(Photo Credit: New England Historical Assn.)
(Photo Credit: New England Historical Assn.)
Clarence DeMar

South Hero

Distance Running

Inducted 2017 

Winner of the Boston Marathon a record seven times and an Olympic Bronze Medalist in the event, Clarence DeMar is the 2017 Historical Pioneer Inductee. DeMar spent his teenage years running the back roads of Grand Isle and South Hero, his hometown at the time.

He went from South Hero to UVM joining the track and field and cross country teams as a member of the class of 1911. The UVM track team at that time was led by Albert Gutterson, UVM '12, a fellow member of the VSHOF.

He won three letters at UVM before transferring to Harvard, when his family resettled in Boston.

DeMar went on to run the Boston Marathon 34 times, winning the premier marathon race seven times, his first in 1911 and his last in 1930. DeMar also was a three-time competitor in the Olympic Games who finished 12th in the marathon in the 1912 Stockholm Olympics, won the bronze medal at the 1924 Paris Olympics and finished 27th in the 1928 Amsterdam Olympics. He also won the USA National Marathon Championship four times in the 1920s. 

Know as 'Mr. Marathon' and Clarence 'DeMarathon', another incredible statistic in DeMar's running accomplishments is that he participated in over 1,000 meets during his 44 years associated with track and field and road running.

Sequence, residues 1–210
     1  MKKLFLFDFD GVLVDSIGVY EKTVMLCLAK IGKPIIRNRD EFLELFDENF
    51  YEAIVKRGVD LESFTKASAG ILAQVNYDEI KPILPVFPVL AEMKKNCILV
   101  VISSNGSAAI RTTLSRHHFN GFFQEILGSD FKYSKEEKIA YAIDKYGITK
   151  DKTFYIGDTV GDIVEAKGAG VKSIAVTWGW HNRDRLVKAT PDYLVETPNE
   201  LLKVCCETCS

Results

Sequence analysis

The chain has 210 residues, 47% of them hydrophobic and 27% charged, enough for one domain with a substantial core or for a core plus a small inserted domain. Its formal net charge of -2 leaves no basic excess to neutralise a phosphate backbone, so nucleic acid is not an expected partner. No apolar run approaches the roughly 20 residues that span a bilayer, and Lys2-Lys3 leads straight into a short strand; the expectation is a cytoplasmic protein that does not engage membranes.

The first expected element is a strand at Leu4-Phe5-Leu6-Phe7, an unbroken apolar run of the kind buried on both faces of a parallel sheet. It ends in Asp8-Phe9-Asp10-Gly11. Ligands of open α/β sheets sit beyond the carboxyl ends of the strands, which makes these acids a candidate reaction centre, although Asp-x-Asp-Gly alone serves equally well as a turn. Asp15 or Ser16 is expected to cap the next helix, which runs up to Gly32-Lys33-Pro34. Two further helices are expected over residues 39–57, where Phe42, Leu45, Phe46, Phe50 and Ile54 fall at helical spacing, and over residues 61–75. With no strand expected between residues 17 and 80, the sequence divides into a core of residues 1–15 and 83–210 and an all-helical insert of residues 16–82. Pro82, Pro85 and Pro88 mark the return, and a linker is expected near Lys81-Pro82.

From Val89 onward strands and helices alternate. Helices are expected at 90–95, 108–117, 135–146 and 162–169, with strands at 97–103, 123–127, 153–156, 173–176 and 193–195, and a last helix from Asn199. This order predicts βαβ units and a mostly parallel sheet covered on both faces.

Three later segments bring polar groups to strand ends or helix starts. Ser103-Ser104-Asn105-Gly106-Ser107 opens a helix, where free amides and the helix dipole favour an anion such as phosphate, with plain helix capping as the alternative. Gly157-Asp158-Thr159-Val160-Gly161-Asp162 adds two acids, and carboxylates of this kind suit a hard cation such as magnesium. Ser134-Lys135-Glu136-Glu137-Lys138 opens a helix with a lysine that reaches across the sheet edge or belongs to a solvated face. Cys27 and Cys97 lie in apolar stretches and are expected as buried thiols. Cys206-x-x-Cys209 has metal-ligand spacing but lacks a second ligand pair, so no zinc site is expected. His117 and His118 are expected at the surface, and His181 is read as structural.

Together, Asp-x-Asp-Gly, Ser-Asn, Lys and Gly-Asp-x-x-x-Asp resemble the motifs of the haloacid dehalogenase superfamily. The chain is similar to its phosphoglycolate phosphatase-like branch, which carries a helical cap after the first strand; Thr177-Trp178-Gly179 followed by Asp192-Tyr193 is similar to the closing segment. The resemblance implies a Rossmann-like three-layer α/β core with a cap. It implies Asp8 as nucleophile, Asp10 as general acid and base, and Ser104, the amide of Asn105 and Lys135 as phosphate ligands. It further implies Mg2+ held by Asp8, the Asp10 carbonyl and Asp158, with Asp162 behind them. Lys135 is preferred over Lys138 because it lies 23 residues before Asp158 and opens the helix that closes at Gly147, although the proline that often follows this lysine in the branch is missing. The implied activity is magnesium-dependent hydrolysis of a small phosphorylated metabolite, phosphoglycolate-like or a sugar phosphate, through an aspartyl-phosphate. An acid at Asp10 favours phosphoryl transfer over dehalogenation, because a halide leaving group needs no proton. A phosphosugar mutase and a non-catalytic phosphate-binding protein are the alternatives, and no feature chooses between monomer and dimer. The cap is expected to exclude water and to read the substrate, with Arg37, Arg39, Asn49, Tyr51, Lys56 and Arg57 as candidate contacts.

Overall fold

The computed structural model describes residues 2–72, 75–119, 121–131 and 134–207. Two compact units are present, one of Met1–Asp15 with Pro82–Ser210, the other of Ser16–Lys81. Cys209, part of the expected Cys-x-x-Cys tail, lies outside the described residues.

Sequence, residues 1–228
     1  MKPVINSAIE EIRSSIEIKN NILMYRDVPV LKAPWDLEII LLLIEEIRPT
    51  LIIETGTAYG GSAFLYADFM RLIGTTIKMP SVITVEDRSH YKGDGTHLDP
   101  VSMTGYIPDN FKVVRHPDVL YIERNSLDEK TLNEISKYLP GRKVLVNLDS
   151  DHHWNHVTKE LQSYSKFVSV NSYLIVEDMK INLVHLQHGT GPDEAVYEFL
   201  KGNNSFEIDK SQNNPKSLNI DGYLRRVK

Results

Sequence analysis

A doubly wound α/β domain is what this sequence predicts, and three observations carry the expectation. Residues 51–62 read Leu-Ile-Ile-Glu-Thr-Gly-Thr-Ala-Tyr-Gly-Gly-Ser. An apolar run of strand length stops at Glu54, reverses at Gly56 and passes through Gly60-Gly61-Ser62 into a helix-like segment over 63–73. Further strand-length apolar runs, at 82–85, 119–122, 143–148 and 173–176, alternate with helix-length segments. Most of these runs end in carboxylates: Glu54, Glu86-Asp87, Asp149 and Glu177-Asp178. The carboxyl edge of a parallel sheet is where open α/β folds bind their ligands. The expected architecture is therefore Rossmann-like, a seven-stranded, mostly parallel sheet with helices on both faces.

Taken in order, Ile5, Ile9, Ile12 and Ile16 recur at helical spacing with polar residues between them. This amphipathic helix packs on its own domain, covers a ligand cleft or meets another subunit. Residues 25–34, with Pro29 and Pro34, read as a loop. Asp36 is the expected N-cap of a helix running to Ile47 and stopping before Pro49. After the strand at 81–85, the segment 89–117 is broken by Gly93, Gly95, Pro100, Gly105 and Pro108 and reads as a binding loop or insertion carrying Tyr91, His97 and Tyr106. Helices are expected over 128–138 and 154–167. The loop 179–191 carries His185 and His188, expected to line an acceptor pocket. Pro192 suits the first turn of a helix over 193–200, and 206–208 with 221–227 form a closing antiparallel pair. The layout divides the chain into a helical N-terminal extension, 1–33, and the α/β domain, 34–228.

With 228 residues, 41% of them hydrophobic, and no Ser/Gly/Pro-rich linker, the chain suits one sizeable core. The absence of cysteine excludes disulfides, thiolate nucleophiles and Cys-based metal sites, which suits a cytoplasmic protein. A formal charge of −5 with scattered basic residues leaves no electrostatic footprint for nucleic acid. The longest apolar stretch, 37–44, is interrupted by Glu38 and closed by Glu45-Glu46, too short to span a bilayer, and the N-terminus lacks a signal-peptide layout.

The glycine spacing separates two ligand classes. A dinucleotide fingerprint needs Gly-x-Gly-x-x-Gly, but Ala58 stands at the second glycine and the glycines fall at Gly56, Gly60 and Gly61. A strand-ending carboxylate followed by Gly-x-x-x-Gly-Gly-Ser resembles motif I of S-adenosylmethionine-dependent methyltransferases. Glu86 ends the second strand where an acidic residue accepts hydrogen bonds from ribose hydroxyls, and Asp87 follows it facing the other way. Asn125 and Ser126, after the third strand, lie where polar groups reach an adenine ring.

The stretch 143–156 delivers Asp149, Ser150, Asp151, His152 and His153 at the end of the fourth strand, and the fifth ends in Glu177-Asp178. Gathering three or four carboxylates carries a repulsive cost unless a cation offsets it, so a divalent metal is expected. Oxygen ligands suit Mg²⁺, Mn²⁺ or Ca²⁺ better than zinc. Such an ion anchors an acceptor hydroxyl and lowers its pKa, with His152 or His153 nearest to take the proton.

He is a member of the U.S. Track and Field Hall of Fame, the University of Vermont and Keene State College athletic halls of fame, the National Distance Running Hall of Fame and the Road Runners Club of America Hall of Fame. After his seventh and final victory in the Boston Marathon in 1930, he was selected as that year's winner of the Sullivan Award, given to the nation's top amateur athlete.

Sports Illustrated selected DeMar as one of the Top 50 Vermont athletes of the 20th Century in December of 1999. He ranked eighth among the Top 50 Vermonters.

Since 1983 a road race has been run in his honor in the Lake Champlain Islands. DeMar is the first inductee to the Vermont Sports Hall of Fame from Grand Isle County.

Vermont Life Magazine

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